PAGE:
Another big differentiator at Hines is people are more often than not promoted from within. There is the occasional senior-level hire such as Christopher Keber who joined in 2012 as senior managing director from Starwood Capital Group. Typically, the firm looks to its younger professionals for progression. But while the faces might stay the same, Hines has not stayed still all these years. Quite the reverse; it has been remarkable over the years at reinventing itself and doing things that were not obvious.
A huge change occurred in the early 1990s when Hines was purely a US-based developer. It was in the 1990s that for the first time it started thinking about entering the investment business – actually acquiring buildings rather than developing them. At that point in the real estate cycle, US development had all but dried up. That was when Hines decided to start buying buildings in the US and developing buildings overseas. This turned out to be the inception of Hines’ fiduciary business and one of its first clients was the General Motors Pension Fund. As a result of that relationship, in 1991 Hines formed the Hines Acquisition Fund I as a series of programmatic acquisitions.
From those beginnings, investment management is today at the core of the overall business plan at Hines – and why readers of PERE are interested in it. Indeed, while it started as a development firm in 1957, Hines sees itself first and foremost as a real estate investment firm these days. In total, the company manages more than $84 billion of assets which the three men are responsible for, with half held within its investment management fiduciary platform. The other $42 billion are assets for which Hines provides services such as development or operational management. Clients include oil exploration firm Devon Energy and Facebook.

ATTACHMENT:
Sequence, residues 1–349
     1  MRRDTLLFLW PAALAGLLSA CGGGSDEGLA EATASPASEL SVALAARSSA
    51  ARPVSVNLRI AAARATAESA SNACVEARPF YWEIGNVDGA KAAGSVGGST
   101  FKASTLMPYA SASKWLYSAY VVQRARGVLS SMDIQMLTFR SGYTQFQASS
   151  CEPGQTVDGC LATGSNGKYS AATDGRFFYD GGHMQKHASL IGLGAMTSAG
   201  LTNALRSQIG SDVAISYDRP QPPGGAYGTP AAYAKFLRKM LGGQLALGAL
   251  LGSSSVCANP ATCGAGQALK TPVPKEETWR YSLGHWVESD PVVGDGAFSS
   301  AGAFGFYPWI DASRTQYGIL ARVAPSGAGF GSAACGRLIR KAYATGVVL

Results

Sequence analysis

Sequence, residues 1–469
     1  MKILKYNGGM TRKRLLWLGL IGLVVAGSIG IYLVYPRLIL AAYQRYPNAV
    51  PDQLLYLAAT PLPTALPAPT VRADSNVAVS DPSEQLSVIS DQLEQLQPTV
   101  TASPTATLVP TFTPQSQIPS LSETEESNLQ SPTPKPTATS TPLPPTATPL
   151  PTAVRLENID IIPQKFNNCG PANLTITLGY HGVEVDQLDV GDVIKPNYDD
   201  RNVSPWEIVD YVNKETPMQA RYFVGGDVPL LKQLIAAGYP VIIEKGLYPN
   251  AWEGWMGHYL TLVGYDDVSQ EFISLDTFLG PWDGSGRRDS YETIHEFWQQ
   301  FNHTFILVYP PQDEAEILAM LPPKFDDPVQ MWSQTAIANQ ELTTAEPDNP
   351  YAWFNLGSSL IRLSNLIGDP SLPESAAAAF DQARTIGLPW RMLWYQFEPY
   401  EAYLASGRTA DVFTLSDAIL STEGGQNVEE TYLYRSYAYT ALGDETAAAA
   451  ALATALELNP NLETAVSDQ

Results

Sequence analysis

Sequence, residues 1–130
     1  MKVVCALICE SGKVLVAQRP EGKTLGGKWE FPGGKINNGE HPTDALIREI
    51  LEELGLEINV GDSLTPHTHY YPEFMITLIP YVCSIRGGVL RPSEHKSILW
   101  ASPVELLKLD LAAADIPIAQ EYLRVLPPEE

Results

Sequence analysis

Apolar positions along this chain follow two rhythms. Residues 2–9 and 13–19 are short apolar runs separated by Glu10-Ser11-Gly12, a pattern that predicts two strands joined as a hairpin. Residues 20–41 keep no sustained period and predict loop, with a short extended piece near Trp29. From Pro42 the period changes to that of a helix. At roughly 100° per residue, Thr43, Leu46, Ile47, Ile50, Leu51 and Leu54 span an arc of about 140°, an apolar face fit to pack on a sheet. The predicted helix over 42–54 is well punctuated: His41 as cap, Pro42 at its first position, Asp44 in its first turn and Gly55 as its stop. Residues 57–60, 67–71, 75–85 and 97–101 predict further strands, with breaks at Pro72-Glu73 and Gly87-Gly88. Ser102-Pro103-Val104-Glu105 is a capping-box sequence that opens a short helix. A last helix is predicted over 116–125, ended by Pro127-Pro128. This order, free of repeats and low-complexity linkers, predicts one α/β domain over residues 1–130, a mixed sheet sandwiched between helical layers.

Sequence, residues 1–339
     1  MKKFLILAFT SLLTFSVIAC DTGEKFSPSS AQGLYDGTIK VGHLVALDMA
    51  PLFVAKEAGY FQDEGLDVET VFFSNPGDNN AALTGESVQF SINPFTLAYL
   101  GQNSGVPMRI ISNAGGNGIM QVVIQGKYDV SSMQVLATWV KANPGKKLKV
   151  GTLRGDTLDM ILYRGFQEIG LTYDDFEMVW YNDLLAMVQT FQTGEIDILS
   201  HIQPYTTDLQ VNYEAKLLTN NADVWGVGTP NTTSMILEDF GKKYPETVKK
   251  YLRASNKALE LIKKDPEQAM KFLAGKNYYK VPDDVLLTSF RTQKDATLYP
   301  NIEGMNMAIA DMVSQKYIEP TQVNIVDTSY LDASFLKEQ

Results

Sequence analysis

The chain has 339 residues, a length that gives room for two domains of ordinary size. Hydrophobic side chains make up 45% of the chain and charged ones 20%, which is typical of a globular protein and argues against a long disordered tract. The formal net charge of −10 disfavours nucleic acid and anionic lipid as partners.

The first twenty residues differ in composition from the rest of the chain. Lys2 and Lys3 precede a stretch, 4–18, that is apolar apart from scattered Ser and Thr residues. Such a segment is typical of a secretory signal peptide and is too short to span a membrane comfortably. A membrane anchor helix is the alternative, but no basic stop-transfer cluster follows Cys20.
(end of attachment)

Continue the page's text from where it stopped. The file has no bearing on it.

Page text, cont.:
Since creating the Office of Investments, Hines has been busy. It has completed some $24 billion of acquisitions and dispositions. Around $13 billion of those have been fresh investments and $11 billion dispositions. In other words, it has been a net buyer globally. Over the same time frame, it has commenced developments around the world with a combined market value of $8 billion. Since the turn of the year alone, one can get a flavor of this activity (see box). It has been acquiring US office and retail assets in various markets and submarkets and breaking ground on sites it already acquired. One moment it is buying assets in Moscow and Edinburgh and the next moment it is selling in Mexico and Spain. Meanwhile, it has created a global retail property focused group to do more in that asset class, and on the fundraising side, closed a Polish and Russia property fund. PERE records show that in the past five years alone it has raised around $2.7 billion of equity in an array of products for the US, Europe, Brazil and India. In short, a lot has been going on.
Hughes says institutional investors are behind more than 70 percent of its gross AUM, and some 80 percent of that lies with fewer than 20 investors. That point suggests the firm has been very successful at working with the world’s largest institutional investors and, by the same token, that it may seek to become more diversified when it comes to the investor base. That said, it is intentionally making sure it has product and funds in the market allowing access to smaller institutions via its public REITs which contain around 140,000 retail investors and counting.